BATON ROUGE, La. — The cardinal sin of admiring any work of art is to admit that you don’t get it.
LSU cornerback Donte Jackson committed that sin Saturday night.
With time dwindling down in the third quarter of LSU’s 38-21 win over Ole Miss on Saturday night, the Rebels lined up for a first-and-10 with their heels squashed back on their own 6-yard line. Ole Miss quarterback Chad Kelly handed the ball off to running back Eugene Brazley, who broke left off the exchange. LSU linebacker Duke Riley filled the hole, stopping Brazley’s forward momentum.
Then Jackson joined the fight and ripped the ball out of Brazley’s hands. A couple of Jackson’s teammates lunged toward the ball, which had trickled into the end zone. The ruling on the field was that Brazley was down before the ball popped out. But the replay on the scoreboard seemed to tell a different story.
LSU challenged, but the ruling on the field was confirmed. Brazley was down. Well, he was down to the referee. Not to Jackson.
“Oh man, I thought I (stripped it),” Jackson said. “I wasn’t even worrying if his knee was down. I just felt like I ripped the ball out. But they showed me a picture and said that he knee was down. Nah, I didn’t see it.”
Saturday night was an interesting one for Jackson. The sophomore led the LSU secondary in tackles with a season-high 6, came down with his second interception of the year and returned two kickoffs, each going for 16 yards. But he also was called for 3 pass interference penalties, none of which Jackson seemed to particularly agree with.
Jackson said LSU defensive backs coach Corey Raymond helped calm him down after the dubious flags were thrown, reminding him to do what interim coach Ed Orgeron preaches and control what he can control.
“The refs were just flag-happy,” Jackson said. “(Raymond) just told me, ‘That’s not your place to worry about that. You just flush it and move on.’ That’s what I did. I wasn’t really too much worried about it. I know what the nation saw.”
After a defensive back is called for pass interference, Jackson explained, it’s a lot like after a quarterback throws an interception. You can’t let the mistake get to you. All you can do is rely on your technique and coaching, and eventually the good will outweigh the bad.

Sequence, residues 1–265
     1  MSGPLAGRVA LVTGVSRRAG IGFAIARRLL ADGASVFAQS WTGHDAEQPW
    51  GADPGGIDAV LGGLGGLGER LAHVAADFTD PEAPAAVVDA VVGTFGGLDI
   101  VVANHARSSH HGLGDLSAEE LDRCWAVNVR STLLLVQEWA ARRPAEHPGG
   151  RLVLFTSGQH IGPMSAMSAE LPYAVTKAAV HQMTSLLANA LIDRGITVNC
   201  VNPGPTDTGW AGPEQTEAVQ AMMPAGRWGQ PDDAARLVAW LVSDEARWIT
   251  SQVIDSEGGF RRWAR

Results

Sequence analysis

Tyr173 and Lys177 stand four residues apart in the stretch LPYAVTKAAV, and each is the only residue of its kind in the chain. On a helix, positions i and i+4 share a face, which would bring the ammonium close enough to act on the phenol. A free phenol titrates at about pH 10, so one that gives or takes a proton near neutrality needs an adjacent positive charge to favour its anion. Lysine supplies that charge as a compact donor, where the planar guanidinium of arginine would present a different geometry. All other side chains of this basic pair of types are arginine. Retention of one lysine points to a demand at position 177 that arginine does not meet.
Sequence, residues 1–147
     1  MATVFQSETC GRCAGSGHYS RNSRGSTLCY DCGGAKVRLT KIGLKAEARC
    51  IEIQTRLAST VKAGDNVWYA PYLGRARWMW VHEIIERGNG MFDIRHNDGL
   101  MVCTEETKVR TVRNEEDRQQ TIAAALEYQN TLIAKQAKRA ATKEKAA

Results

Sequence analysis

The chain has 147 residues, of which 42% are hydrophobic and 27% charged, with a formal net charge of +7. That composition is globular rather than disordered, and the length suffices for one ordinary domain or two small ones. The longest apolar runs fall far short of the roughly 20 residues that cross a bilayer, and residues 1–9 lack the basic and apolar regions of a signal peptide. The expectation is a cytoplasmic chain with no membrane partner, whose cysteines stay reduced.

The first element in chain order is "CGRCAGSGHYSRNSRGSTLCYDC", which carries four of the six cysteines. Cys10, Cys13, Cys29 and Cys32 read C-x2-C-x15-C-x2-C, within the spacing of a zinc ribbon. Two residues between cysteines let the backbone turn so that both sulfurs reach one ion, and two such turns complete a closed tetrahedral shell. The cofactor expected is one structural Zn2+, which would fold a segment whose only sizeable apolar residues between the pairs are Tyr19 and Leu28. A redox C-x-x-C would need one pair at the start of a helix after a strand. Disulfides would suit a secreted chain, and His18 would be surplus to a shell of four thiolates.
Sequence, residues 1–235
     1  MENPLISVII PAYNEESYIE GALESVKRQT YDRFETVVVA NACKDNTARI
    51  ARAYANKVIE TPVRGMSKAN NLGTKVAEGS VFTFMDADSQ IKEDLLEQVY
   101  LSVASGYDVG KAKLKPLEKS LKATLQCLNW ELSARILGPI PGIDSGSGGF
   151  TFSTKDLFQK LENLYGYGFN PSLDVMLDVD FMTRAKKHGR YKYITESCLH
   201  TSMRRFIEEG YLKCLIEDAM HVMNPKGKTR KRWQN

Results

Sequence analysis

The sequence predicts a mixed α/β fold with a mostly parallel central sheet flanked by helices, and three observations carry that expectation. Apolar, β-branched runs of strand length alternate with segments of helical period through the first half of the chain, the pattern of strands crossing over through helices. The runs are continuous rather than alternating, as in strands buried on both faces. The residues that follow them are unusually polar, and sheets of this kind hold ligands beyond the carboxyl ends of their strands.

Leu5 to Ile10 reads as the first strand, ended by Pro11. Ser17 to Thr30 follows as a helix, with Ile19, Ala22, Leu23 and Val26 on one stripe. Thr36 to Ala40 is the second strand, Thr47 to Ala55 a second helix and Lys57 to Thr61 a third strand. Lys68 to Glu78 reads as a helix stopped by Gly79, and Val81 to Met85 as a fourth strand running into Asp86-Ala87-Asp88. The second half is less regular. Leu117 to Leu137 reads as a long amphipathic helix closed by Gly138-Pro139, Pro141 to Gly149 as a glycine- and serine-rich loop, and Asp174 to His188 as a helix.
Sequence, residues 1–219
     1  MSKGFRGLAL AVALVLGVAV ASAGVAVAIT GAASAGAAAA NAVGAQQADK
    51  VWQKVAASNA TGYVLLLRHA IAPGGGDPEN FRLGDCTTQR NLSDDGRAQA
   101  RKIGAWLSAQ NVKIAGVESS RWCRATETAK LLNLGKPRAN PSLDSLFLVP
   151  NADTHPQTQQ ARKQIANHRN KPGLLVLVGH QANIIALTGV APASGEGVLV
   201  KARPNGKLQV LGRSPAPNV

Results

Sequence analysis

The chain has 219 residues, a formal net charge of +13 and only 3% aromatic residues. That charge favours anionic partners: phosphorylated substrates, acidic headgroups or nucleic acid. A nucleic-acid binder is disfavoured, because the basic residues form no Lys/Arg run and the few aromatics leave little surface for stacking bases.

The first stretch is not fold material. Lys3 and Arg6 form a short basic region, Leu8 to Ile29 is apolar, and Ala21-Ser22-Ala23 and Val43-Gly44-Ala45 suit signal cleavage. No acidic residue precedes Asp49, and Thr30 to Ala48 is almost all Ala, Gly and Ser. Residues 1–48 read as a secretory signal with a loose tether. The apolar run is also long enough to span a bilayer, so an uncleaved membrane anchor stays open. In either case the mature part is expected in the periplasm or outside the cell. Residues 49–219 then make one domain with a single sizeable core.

Still, Jackson said he doesn’t believe what he did was interfering, especially since the receiver he was primarily lined up against, Quincy Adeboyejo, is a 6-foot-3 behemoth who Jackson doesn’t think is fazed much by some run-of-the-mill hand-checking. One of his pass interference calls came while guarding Adeboyejo, and the other two came while checking Damore’ea Stringfellow.
Though you easily can list the pass interference call as a win for Adeboyejo, Jackson won nearly every other time the two matched up. Ole Miss quarterback Chad Kelly targeted Adeboyejo only 3 times and Adeboyejo was held to his fewest receiving yards since Week 3 against No. 1 Alabama.
Jackson credited this success to the preparation that he and Raymond put in in the week leading up to the game. LSU knew that Kelly likes to target man-to-man coverage in the deep thirds of the field, so Jackson was ready when the ball came his way, especially on his interception.
“We definitely knew that. We went over that a whole lot,” Jackson said. “We know that he likes to throw. We know he thinks his receivers are bigger, stronger, tougher than we are. We just came out ready to play with that on our mind. … So I knew that he was going to throw the ball my way. But he gave me a gift at the end of the day.”